I really enjoy the baby back ribs at the Kahului Ale House. They’re exceptionally meaty and tender and come glistening in a dark, rich smoky hoisin sauce. The meat comes off so cleanly that the bones look like they’ve been lying in the desert for a year. Okay, half a year. A quarter of a year? Certainly, not less than 30 days.
In any case, this is funny because I shouldn’t like the ribs. I mean, they’re not True Barbecue. Calvin Trillin—perhaps the greatest, funniest food writer in the U.S. today—has written much on the subject of True Barbecue. True Barbecue does not come from a restaurant—certainly not one like the Ale House that has running air conditioning and plenty of parking out front.
No, True Barbecue requires a pit. True Barbecue cannot come from an oven or “pressure smoker.” It also—and this part is non-negotiable—can’t have any sauce. Not a drop. Any barbecue flavor comes from the wood, pit and meat.
“Despite my occasional rants, I never truly qualified as a barbecue purist,” Trillin wrote in his 2003 book Feeding a Yen. “A barbecue purist, it turns out, is seriously interested in whether or not the proprietor of a barbecue joint chops his own wood.”
Now, they do very little wood chopping at the Ale House. That’s because the Ale House is what Trillin calls “La Maison de la Casa House.” It’s a continental place, serving foods from around the world that have been so Westernized that they’re unrecognizable to individuals hailing from their native lands. In addition to ribs, they sell sandwiches, salads, wings, wraps, burgers, pizza and appetizers made from jalapeno peppers.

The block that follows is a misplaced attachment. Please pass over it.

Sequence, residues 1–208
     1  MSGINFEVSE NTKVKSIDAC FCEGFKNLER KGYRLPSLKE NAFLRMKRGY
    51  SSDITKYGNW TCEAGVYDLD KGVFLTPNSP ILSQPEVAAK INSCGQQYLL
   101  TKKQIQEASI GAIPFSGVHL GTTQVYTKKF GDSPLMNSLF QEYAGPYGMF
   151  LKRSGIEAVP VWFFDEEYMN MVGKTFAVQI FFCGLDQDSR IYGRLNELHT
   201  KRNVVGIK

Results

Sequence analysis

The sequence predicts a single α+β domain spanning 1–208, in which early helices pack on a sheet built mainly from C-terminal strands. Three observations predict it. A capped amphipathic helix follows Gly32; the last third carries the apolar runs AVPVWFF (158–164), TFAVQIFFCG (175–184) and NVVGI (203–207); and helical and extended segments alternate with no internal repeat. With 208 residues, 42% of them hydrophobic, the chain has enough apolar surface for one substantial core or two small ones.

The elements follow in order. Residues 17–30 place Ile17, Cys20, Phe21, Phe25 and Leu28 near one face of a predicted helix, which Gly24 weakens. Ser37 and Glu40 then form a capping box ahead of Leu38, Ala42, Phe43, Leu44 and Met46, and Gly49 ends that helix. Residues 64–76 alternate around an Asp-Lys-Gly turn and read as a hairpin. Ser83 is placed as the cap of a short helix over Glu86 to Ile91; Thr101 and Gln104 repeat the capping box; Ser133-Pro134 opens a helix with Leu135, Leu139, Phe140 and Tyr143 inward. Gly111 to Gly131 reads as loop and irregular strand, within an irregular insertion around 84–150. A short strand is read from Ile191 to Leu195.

But they do make great ribs. A half order, sold for $19.95, is always plenty for me, though a full rack can be had for $27.95. Their Portuguese Bean Soup, of all things, is also absolutely delicious. The steaks are good, too, if you like those sort of things.
The chicken wraps are wonderful creations and the hamburgers are fine as well. They’re big hulking things that come with bleu cheese and Cajun spices, if you wish, but strangely enough not lettuce, tomato or onion (they’re $1.50 extra).
The Ale House is a manic place. There’s no other way to describe it. The moment you walk in the door, there are innumerable placards, signs, screens and gizmos all competing for your attention.
Once past the t-shirt concession stand at the door, it’s not hard to find the arcade. It’s got half a dozen games, including Golden Tee 2002. Inside are three pool tables, a dartboard and a basketball shooting hoop. Helpfully placed adjacent to the arcade is an ATM, jukebox and a couple of those claw machines that kids use to grab candy and stuffed toys.
Hanging on the walls are sports jerseys and photos—some of which are autographed. A couple windsurfing boards—complete with sails—are suspended from the ceiling. Then there are the usual neon beer signs, flashing beer signs and neon flashing beer signs. The square-shaped bar has trivia games at each corner. I saw at least one inflatable stock car dangling from the ceiling, as well as countless sheets advertising food specials, upcoming shows and contests.
Oh, and there’s something like 20 television sets, which could be showing two or even three different games, unless it’s March Madness, in which case they’re all tuned to CBS.
In truth, I could care less about all that stuff. As I said before, I go for the ribs. MTW